France has its appellations d’origine contrôlée (AOCs). Italy has its denominaziones di origine controllata (DOCs). The United States has its American Viticultural Areas (AVAs). All three regulate the areas in which grapes that go into designated wines may be grown: a Pauillac must be composed of grapes grown around the village of Pauillac in the Bordeaux area, a Chianti must be composed of grapes that are grown in a particular region in Tuscany, and a Lodi wine must be composed of grapes grown in the Lodi AVA near the city of Lodi, California. All three systems are hierarchical, too: the winemaker in Pauillac could label his wine as Pauillac or Haut-Médoc or Médoc or Bordeaux because Pauillac is in the Haut-Médoc AOC, which is in the Médoc AOC, which is in the Bordeaux AOC. Similarly, a winemaker using grapes grown near Healdsburg, California can label the resulting wine as Alexander Valley or Sonoma County or California. All three systems (and the others like it in other wine-producing countries) are intended as truth-in-labeling measures: you simply can't call a wine a Bordeaux if it isn't produced with Bordeaux grapes, and you can't say that a wine is from Lodi if it isn't.
There are a couple of key differences, however. The American AVA system only regulates the location that grapes can be grown. A grower in the Lodi AVA can grow whatever grapes he wants with whatever techniques he wants to whatever yields he wants and vinify it however he wants and still label it Lodi. Not so with the Pauillac grower. If he wants to label a red wine as Pauillac, it must be made from only Cabernet Sauvignon, Cabernet Franc, Malbec, Merlot, and Petit Verdot grapes with certain yields and made with certain techniques. Furthermore, the finished wine must taste like a committee thinks a Pauillac wine should taste enough. In other words, the AOC system (and the DOC system, too) is designed not merely to guarantee the place of origin of a wine but also a wine's character. Secondly, it is rare for a winemaker to choose anything but the most specific AOC or DOC that a wine can qualify for. If a wine qualifies to be labeled a Pauillac, it would be exceedingly unusual for a winemaker to label it as a Haut-Médoc. That isn't always the case with AVAs. The Lodi AVA, for example, has a number of sub-AVAs (the Alta Mesa, Clements Hills, and Jahant AVAs, among several others); but it would be perfectly reasonable for a winemaker located in the Alta Mesa AVA (and making wines from grapes grown exclusively in that AVA) to choose to label his wines as Lodi. That's because consumers know Lodi and what to expect from wines bearing this appellation. Not so the Alta Mesa AVA.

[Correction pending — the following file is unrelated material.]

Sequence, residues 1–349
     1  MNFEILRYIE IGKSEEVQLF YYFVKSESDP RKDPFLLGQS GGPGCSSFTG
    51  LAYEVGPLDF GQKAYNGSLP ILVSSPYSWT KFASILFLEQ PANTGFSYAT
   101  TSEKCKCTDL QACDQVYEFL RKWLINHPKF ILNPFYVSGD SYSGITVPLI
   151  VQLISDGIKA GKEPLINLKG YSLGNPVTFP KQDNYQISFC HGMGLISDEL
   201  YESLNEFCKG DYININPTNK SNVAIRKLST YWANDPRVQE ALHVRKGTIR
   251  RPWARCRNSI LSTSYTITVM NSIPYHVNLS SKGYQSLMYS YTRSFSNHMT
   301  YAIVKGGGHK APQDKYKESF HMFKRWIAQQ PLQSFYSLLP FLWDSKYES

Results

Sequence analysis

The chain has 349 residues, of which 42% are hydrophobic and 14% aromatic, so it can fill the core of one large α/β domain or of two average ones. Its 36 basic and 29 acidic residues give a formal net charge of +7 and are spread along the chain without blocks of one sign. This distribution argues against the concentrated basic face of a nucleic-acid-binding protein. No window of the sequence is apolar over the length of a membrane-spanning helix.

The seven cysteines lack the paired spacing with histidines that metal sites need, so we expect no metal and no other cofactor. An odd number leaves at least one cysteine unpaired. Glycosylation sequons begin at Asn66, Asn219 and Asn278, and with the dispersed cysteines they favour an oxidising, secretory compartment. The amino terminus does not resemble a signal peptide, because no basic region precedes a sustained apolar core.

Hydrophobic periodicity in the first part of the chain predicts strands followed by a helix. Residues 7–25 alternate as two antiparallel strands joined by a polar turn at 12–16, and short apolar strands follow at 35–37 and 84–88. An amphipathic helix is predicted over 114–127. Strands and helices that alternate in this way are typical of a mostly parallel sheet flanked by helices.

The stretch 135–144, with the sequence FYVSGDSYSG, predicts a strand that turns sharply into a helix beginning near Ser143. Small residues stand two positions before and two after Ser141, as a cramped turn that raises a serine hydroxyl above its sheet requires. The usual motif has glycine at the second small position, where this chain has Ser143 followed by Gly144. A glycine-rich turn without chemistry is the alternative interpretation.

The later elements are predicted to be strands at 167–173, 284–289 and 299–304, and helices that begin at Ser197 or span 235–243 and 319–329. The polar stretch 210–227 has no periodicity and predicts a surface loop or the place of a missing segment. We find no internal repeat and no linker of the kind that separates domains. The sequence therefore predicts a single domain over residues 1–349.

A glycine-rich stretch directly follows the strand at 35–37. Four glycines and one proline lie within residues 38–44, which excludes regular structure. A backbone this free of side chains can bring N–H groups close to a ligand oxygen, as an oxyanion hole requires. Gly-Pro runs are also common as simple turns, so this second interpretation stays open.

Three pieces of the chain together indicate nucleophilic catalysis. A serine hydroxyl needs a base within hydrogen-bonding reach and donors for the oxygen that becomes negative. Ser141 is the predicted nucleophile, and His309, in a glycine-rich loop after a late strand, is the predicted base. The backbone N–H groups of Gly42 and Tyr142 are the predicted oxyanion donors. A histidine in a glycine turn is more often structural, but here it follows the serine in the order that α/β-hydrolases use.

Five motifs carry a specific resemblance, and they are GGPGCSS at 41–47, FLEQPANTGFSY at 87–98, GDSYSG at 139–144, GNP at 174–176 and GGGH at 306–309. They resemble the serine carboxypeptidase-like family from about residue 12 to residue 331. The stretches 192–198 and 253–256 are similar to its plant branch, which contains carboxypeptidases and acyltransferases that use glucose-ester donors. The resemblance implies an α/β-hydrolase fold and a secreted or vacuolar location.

I don't know if the Ravenswood Lodi Zinfandel could have qualified for another sub-AVA appellation, but it really doesn't matter. It wouldn't have fit in with the marketing plan for it to have been anything other than Lodi. As I have written previously, this is my least favorite of the three 2005 County Series Ravenswood Zins that I have tried (the other two being the Sonoma County and the Napa County). It's just too jammy and cooked-tasting. That's not to say that I didn't still enjoy it, just that I would pick either of the other two to buy again before this one.